CHAPTER TWO: ELOCUTION



Being a Toastmasters’member, I had the possibility to practice my passion for speaking over the years. I still remember how difficult it was at the beggining: speaking in front of an audience was not as simple as I had imagined, even having words clear in my mind. I learnt how to “tune in” to engage my listeners meeting after meeting, acquiring a clear and concise manner of speaking. I learnt the Art of Elocution.

Elocution originates from the word ‘eloquence’ – fluent, elegant or persuasive speaking. It is the knowledge of expressing strong emotions in striking and appropriate language and with the power of persuasion. In the bestselling book The Speaker published in 1808 by William Enfield, the rules for good speech were already clearly listed:

Let your articulation be distinct and deliberate
Let your pronunciation be bold and forcible
Acquire compass and variety in the height of your voice
Pronounce your words with propriety and elegance
Pronounce every word with its proper accent
In every sentence, distinguish the more significant words by a natural, forcible and varied EMPHASIS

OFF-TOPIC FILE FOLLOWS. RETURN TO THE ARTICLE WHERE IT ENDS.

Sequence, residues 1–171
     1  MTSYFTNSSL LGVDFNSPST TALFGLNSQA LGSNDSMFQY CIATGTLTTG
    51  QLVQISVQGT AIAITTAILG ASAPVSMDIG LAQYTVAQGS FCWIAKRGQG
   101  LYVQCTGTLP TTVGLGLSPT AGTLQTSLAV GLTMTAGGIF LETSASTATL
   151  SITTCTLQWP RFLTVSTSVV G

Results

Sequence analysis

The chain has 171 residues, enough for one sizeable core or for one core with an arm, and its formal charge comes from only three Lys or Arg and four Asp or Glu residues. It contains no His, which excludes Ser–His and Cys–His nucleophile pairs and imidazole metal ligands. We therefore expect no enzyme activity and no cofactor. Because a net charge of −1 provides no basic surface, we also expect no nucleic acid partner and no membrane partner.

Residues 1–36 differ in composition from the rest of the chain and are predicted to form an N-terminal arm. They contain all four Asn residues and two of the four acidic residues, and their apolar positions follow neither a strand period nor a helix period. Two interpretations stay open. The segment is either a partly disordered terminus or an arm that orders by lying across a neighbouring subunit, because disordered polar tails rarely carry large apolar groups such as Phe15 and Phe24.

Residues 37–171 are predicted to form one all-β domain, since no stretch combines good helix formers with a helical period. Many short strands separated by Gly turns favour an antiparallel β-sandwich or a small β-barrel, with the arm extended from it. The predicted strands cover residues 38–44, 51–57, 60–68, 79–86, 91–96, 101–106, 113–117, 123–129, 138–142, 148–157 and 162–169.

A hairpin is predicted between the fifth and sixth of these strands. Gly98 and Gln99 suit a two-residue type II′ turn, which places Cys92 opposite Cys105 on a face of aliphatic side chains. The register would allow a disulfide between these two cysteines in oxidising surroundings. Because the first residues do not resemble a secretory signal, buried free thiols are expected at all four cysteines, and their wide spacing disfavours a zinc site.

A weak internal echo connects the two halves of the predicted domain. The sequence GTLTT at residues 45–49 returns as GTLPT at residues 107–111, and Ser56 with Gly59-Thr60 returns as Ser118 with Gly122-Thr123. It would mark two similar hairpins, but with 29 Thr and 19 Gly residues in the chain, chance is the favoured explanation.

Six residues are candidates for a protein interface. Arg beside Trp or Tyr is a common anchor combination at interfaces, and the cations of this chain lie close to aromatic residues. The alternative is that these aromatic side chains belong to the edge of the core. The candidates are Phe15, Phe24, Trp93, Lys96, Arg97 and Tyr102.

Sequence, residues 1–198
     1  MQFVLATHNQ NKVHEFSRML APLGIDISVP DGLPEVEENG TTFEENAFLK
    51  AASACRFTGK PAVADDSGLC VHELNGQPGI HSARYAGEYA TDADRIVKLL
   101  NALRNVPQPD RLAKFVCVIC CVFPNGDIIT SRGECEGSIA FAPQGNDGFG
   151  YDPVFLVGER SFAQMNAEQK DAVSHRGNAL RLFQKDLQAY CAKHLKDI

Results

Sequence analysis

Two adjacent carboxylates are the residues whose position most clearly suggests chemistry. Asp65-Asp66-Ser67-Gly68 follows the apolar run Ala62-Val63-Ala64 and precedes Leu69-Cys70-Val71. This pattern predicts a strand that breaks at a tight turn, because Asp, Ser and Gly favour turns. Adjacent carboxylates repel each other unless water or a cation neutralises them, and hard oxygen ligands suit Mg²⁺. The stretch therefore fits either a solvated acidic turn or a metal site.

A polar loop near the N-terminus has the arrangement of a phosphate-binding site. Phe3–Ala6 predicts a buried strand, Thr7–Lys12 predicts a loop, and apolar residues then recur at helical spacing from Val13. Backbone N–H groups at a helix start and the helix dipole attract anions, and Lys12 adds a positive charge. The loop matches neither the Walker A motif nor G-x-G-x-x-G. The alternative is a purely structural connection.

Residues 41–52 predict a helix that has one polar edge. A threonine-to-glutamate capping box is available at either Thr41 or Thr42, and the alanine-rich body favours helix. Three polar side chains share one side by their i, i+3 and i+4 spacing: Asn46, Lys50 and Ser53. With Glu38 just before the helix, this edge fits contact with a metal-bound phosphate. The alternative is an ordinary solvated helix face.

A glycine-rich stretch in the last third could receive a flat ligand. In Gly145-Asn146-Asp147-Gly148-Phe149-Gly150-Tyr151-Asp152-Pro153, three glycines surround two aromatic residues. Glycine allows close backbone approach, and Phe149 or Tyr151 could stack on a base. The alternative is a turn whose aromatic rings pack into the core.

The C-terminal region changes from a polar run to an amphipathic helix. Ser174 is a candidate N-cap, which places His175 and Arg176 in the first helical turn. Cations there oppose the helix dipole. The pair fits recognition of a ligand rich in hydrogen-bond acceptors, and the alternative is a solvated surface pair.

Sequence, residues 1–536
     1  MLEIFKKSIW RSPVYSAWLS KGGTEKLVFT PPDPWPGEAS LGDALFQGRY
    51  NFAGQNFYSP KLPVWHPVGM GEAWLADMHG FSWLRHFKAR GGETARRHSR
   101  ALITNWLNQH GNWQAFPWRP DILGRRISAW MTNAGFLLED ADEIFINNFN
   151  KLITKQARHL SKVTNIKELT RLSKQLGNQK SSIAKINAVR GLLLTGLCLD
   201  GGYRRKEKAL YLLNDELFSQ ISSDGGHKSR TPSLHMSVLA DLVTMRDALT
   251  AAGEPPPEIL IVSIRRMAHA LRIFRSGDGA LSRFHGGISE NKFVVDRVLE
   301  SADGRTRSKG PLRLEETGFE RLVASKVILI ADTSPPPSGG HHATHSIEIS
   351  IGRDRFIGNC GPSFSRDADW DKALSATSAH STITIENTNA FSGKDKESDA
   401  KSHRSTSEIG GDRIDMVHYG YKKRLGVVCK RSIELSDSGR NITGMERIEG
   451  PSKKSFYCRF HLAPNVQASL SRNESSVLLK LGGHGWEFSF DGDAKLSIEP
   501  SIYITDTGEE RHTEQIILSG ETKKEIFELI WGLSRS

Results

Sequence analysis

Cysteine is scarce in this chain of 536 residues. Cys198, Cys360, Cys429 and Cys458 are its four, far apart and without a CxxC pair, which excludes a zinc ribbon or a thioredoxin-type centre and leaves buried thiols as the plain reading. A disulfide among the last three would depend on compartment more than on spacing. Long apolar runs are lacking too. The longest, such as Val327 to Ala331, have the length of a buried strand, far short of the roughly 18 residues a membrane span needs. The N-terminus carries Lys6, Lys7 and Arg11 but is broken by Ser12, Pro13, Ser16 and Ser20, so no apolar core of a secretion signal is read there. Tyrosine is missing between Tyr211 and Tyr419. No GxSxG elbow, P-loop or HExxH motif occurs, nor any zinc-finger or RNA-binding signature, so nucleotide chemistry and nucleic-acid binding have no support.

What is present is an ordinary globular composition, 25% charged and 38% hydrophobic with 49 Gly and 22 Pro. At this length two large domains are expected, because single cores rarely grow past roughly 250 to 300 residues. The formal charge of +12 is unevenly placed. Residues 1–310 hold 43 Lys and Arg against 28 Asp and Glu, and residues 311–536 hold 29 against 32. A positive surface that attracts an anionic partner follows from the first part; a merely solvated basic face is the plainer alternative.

Acquire a just variety of Pause and Inflection.
Accompany the emotions and passions, which your words. express, by correspondent tones, looks and gestures

These rules are still valid today.

Generally talking, a good speaker needs to sound interesting, combining the selection of important words to the variety in pace and pitch. Your voice will have to carry quite a long way so the sound needs time to get to the listener. Make sure you finish all of your words: clear articulation will also slow you down - which is good.

Pausing is a main thing. It gives you the chance to take a breath and gives your listeners a chance to take in what you have said. Everyone should pause at a comma, full stop, exclamation mark and before an important word or after an important word. This will make what you say sound interesting and easy to remember.